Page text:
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The aim of the study was to investigate effects of kaempferol and zinc gluconate administration on haematological, neurobehavioural and oxidative stress changes in Wistar rats, exposed to noise stress. Thirty (30) rats were randomly divided into five groups: Groups I and II were administered with deionised water; Group III, kaempferol; Group IV, zinc gluconate; Group V, kaempferol + zinc gluconate for 36 days. Groups II, III, IV and V were subjected to noise stress of 100 dB dose for 15 days from day 22 to day 36. Behavioural activities were assessed on days 1, 8 and 15 after noise exposure. The effects of the different treatments on body weight change, open-field activities, neuromuscular coordination, motor strength, excitability scores, sensorimotor reflexes and learning and memory were assessed in the rats. Packed cell volume, haemoglobin concentration, total erythrocyte count, erythrocytic indices, platelet count neutrophil/lymphocyte ratio, total and differential leucocyte counts and erythrocyte osmotic fragility (EOF) test were determined using standard methods. The brain was used to evaluate noise stress-induced lipoperoxidative changes, through determination of brain malondialdehyde (MDA) concentration and activities of antioxidant enzymes such as catalase, superoxide dismutase and glutathione peroxidase, using kits. The results of this study showed that noise stress-induced decrease in body weight gain was significantly (P < 0.05) ameliorated in the group treated with kaempferol + zinc (123.70 ± 0.99 g, 133.70 ± 1.59 g) than in the group treated with deionised water + noise (117.70 ± 1.02 g, 125.70 ± 1.20 g). There was a significant and consistent decrease in the EOF of rats treated with kaempferol + zinc. Kaempferol + zinc gluconate significantly (P < 0.05) ameliorated decrease in haemoglobin concentration (from 12.62 ± 0.12 to 14.32 ± 0.11 g/dL), packed cell volume (from 37.85 ± 0.35 to 43.47 ± 0.30 %) and erythrocyte counts (from 6.43 ± 0.04 to 7.20 ± 0.06× 1012/L). Values of mean corpuscular haemoglobin (20.40 ± 0.33 ρg) and mean corpuscular haemoglobin concentration (33.20 ± 0.15%) were significantly (P< 0.05) higher in kaempferol + zinc treated rat compared to the deionized water + noise treated group (18.43 ± 0.34) and (29.65 ± 0.89) respectively. Rats treated with zinc had the highest mean corpuscular volume (61.35 ± 0.67 fL) compared to the deionized water + noise treated group (58.87 ± 0.29). Platelet counts were also significantly higher (P < 0.05) in rats treated with kaempferol + zinc (609.20 ± 6.90 x 106 g/dL) compared to the group treated with noise + deionised water (439.80 ± 7.91 x 106 g/dL). Administration of kaempferol + zinc caused leucocytosis due to neutrophilia and lymphocytosis as well as a significant (P < 0.05) decrease in N:L ratio (0.25 ± 0.01) than in the group treated with deionised water + noise (0.35 ± 0.03). Combination kaempferol + zinc significantly (P < 0.05) enhanced learning (from 2.33 ± 0.33 s to 1.17 ± 0.17) and memory (from 92.17 ± 4.08 s to 106.80 ± 2.14 s). Kaempferol + zinc significantly (P < 0.05) mitigated noise stress induced impairment in neuromuscular coordination neuromuscular coordination (from 45.0 ± 1.43o to 65.06 ± 1.23o), motor strength (from 51.68 ±229 s 78.33 ± 5.69 s), sensory motor reflex (from 2.88 ± 0.16 to 4.83 ± 0.17), and motor coordination on days 1, 8 and 15 (from 10.83 ± 1.40 cm, 11.5 ± 1.18 cm, 10.50 ± 0.923 cm to 5.33 ± 1.45 cm, 4.33 ± 1.41 cm and 4.83 ± 1.35 cm) respectively. Kaempferol + zinc exerted anxiolytic effects, demonstrated in treated rats subjected to open-field test. In addition, combined treatment significantly (P < 0.05) decreased malondialdehyde (MDA) concentration (from 1.10 ± 0.20 nmol/mg to 0.70 ± 0.20 nmol/mg) and enhanced activities of antioxidant enzymes: catalase (from 32.50 ± 2.20 IU/L to 36.90 ± 2.00 IU/L), glutathione peroxidase (from 25.10 ± 1.10 IU/L to 29.40 ± 1.20 IU/L) and superoxide dismutase (from 1.80 ± 0.20 IU/L to 2.20 ± 0.30 IU/L). In conclusion, treatment with kaempferol and zinc singly and in combination ameliorated noise-induced haematological, neurobehavioral and oxidative stress changes in Wistar rats.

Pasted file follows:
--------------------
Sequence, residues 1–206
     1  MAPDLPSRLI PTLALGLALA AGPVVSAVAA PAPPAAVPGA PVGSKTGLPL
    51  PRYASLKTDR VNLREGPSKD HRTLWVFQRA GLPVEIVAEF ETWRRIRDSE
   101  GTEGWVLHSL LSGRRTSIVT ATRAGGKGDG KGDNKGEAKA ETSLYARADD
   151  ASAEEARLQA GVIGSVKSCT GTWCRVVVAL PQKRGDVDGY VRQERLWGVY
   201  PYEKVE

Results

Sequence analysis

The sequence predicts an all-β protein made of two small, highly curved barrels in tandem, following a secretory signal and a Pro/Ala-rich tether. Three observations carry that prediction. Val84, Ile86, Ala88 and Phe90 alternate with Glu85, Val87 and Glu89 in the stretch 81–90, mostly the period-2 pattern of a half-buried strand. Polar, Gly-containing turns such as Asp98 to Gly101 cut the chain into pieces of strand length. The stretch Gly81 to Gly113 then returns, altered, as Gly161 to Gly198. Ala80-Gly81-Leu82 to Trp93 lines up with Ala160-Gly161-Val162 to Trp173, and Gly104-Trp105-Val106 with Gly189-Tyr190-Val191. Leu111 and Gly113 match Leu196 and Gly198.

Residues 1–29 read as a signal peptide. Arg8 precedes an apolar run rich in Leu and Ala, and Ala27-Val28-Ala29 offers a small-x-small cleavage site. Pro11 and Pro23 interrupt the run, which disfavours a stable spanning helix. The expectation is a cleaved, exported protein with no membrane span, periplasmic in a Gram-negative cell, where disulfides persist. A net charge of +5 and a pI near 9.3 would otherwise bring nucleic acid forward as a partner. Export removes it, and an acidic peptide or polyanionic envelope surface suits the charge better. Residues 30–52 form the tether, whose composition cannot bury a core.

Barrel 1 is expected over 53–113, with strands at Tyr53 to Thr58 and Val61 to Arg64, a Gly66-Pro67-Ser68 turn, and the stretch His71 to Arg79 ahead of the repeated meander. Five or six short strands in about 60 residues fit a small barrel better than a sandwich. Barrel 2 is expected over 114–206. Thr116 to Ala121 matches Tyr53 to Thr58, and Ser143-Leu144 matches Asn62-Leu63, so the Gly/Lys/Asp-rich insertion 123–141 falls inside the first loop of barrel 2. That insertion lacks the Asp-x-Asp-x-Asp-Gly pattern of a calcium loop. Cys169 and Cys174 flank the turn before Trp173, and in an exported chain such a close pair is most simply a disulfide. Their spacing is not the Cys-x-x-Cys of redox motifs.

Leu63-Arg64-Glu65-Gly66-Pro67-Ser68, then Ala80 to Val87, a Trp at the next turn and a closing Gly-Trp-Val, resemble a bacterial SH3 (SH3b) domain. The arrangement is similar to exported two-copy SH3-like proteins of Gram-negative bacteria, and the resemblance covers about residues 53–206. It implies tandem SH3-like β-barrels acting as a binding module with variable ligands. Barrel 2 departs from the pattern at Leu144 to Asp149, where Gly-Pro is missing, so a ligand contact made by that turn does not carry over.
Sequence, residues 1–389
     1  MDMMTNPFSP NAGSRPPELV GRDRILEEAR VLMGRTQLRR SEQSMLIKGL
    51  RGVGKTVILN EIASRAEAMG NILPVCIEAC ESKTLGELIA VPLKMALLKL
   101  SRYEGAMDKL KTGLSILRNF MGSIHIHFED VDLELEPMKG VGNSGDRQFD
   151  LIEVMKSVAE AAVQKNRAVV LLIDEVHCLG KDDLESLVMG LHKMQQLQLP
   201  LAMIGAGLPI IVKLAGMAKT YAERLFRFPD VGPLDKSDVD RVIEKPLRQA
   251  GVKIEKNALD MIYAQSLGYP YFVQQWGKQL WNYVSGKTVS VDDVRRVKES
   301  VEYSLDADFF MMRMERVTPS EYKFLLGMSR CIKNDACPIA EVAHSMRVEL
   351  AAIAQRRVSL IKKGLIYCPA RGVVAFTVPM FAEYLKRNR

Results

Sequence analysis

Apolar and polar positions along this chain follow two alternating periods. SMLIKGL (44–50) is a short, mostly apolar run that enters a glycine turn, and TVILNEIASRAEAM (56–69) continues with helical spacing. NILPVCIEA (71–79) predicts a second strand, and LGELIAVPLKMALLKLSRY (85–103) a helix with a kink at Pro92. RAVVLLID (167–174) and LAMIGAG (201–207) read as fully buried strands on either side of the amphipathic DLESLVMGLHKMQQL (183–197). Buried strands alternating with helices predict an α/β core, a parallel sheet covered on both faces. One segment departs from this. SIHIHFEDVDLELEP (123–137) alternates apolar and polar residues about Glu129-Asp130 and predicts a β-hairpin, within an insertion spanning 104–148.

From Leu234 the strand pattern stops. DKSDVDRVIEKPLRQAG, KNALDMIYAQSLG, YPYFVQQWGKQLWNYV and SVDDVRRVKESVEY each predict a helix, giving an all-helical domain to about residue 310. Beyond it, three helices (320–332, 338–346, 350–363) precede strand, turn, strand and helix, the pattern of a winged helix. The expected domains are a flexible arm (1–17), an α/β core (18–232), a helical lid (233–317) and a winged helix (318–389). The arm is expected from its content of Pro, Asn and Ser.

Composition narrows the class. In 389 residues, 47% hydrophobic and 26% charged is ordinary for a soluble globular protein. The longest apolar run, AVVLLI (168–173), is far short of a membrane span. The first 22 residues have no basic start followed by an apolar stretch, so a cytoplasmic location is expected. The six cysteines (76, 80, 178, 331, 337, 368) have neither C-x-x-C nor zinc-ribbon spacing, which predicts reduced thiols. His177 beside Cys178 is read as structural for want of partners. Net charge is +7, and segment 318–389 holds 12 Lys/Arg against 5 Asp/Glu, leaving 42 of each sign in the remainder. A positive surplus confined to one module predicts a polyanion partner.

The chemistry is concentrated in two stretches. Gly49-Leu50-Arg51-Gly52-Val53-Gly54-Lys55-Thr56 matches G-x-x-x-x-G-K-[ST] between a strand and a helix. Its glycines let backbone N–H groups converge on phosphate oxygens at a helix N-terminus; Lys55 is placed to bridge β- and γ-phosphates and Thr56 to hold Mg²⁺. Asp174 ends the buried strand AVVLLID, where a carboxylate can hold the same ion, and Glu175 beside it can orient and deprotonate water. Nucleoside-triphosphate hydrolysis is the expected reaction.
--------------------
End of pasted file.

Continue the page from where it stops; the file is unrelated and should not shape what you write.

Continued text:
1.1 Background of the Study